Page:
Kate Shakleton. Masie Dobbs. Brother Michael and the physician Matthew. Lady Emily….
There are so many series of detective novels set in Victorian times, Medieval times, the interwar period that it can be a difficult and expensive job to keep up with them all. Many focus on women as detectives, writing about women who either find themselves in the middle of murder mysteries, or who are employed to sort out difficult or fatal situations. Often the women are unusually able to see the clues and answers, sometimes there is a strong man who turns up in the nick of time. My favourite series which I have reviewed here before by Susanna Gregory usually puts her main protagonists in impossible situations which seemingly defy escape, yet both men are still alive after 22 novels…
So do I read them in order? It depends. If I have been following them for years I seize or order them from the library as soon as I can. I can therefore often avoid actually buying them unless I am desperate. Some I manage to find from charity shops or bargain book places, in which case I read where I can, then try to track down copies in libraries to fill in the gaps. I will try and read in order where possible in which case https://www.fantasticfiction.com/ is really useful; although an American site it lists a huge number of authors’ outputs in order and is much clearer than book buying sites. Obviously if an author is writing many books the quality and readability of individual novels may vary, but mostly the characters can bear more or less convincing situations.
One series which I have enjoyed and found disappointing in various novels is Tasha Alexander’s Lady Emily series. There are 11 published in America, and probably at least the first ten are available here. Beginning with And Only to Deceive, they follow the progress of an aristocratic lady who finds that murder happens too near home. Her mother is a close friend of Queen Victoria, but Lady Emily is a rebel who conforms initially in marriage but finds herself fascinated by ancient literature and art. Murder and mystery affect her family, friends and associates, and she is able by using her natural abilities and considerable resources to solve many cases.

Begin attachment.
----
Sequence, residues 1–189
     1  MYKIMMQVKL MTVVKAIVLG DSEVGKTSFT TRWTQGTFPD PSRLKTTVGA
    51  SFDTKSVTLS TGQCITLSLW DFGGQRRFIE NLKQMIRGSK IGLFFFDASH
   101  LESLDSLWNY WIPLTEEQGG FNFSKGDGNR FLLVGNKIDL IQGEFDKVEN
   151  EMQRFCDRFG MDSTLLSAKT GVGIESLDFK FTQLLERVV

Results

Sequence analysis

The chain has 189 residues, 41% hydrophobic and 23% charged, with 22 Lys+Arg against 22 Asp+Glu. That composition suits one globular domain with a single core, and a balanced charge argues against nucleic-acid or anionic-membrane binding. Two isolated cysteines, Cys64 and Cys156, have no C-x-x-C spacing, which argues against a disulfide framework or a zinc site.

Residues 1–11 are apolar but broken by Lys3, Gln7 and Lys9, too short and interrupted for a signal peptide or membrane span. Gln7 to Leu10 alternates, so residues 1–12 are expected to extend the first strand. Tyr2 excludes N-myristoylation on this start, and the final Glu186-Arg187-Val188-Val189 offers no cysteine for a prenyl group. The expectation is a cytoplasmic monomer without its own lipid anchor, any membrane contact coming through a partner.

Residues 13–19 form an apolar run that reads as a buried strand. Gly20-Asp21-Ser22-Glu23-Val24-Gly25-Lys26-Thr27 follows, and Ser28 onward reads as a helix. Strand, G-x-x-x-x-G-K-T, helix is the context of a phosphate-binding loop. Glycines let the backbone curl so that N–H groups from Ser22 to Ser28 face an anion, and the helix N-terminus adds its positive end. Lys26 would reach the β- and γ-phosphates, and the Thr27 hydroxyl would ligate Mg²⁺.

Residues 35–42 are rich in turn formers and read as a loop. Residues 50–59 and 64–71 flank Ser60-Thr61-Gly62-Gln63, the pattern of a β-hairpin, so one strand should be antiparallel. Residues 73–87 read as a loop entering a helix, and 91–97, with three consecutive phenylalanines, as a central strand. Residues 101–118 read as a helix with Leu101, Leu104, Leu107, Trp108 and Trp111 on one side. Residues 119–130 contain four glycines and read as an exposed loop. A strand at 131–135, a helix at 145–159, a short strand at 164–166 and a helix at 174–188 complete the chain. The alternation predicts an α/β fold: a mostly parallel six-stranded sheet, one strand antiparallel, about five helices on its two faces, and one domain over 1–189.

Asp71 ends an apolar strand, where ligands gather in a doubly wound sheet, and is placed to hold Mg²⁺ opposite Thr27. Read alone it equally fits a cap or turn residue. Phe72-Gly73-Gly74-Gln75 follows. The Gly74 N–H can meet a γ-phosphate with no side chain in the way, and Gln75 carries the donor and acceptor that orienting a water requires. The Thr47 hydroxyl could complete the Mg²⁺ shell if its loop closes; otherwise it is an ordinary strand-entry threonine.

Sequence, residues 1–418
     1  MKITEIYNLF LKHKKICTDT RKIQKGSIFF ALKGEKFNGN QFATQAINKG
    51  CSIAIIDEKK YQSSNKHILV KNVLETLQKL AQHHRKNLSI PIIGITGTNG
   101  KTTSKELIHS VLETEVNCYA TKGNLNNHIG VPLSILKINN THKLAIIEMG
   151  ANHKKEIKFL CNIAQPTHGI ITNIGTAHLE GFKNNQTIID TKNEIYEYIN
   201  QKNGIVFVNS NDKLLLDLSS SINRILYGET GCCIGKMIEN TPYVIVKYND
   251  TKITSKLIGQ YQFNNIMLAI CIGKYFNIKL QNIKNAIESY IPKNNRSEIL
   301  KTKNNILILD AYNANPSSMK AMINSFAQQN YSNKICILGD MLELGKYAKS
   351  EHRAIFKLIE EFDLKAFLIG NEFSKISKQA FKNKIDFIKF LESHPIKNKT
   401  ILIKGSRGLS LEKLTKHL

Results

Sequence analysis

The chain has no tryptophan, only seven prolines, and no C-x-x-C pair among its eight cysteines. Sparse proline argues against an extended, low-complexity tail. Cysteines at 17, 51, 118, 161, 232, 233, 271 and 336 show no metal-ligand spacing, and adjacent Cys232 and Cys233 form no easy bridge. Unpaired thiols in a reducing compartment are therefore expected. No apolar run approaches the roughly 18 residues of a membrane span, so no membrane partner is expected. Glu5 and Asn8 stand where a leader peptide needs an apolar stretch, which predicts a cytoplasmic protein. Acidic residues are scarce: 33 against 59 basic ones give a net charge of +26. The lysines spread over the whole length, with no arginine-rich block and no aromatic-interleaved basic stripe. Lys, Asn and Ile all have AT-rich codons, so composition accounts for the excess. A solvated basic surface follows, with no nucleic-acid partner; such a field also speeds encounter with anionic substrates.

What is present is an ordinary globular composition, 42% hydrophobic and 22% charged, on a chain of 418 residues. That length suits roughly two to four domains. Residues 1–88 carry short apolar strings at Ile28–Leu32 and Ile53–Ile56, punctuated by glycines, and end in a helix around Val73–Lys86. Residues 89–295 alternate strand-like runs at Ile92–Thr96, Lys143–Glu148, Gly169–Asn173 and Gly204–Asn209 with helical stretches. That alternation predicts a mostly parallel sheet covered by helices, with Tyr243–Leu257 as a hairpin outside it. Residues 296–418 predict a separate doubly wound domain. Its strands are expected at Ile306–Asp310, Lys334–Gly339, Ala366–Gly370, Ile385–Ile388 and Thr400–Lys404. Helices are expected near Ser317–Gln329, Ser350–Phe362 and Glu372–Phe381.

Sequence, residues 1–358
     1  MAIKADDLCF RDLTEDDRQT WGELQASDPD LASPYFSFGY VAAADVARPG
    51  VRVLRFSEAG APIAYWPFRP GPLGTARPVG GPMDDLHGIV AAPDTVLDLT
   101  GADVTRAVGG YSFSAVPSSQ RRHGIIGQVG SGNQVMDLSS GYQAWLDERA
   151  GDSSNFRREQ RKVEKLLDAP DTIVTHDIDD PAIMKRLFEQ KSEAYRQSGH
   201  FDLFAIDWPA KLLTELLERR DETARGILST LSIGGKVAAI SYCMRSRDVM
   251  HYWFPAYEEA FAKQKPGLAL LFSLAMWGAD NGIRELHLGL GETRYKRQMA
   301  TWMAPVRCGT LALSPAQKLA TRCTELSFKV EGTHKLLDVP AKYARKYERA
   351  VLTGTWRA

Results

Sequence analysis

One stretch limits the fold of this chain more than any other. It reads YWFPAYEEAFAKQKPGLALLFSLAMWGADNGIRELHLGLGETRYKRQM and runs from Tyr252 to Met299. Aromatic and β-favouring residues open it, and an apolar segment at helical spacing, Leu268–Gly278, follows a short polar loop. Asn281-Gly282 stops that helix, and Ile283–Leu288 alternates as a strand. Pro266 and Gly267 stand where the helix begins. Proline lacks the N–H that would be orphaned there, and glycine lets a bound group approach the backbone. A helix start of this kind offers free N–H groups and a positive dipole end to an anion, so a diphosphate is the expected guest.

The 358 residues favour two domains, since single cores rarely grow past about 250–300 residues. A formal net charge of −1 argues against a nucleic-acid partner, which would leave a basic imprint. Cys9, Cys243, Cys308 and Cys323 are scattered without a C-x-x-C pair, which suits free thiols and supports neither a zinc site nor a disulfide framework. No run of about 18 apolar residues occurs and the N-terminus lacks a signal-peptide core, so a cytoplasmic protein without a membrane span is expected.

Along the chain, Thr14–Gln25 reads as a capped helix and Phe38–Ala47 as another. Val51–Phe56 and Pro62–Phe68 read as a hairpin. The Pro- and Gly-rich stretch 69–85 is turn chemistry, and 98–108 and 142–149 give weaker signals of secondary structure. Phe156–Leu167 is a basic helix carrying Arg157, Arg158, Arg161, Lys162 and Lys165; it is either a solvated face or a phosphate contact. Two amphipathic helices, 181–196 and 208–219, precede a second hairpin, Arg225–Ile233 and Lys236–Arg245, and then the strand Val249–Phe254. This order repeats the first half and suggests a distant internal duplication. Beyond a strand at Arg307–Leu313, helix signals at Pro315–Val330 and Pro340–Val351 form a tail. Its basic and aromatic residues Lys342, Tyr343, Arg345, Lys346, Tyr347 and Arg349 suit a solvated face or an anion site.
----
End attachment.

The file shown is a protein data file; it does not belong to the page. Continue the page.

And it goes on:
I read and invested in a few of the earlier books in the series and enjoyed them, but found one that I did not enjoy, partly because of the story which I found wallowed in misery too much, which I did not need at the time. So I picked up Behaind the Shattered Glass at a bargain shop not really expecting much. I really enjoyed it. The situation was convincing, the characters consistent and attractive, and the solution satisfying. There are many red herrings, and on the way Emily involves herself in several interesting situations. It shows conventions challenged, people behaving unpredictably yet within the scope of their character, and all loose ends tied up. It is not great literature and will never trouble prize judges, but I think it represents books that people actually read rather than carry round to impress.
So, whether you enjoy series and find it satisfying to follow character through several situations, or prefer to read one off mysteries, I think you would enjoy these books. Of course, I still prefer Kerry Greenwood’s Miss Fisher mysteries…..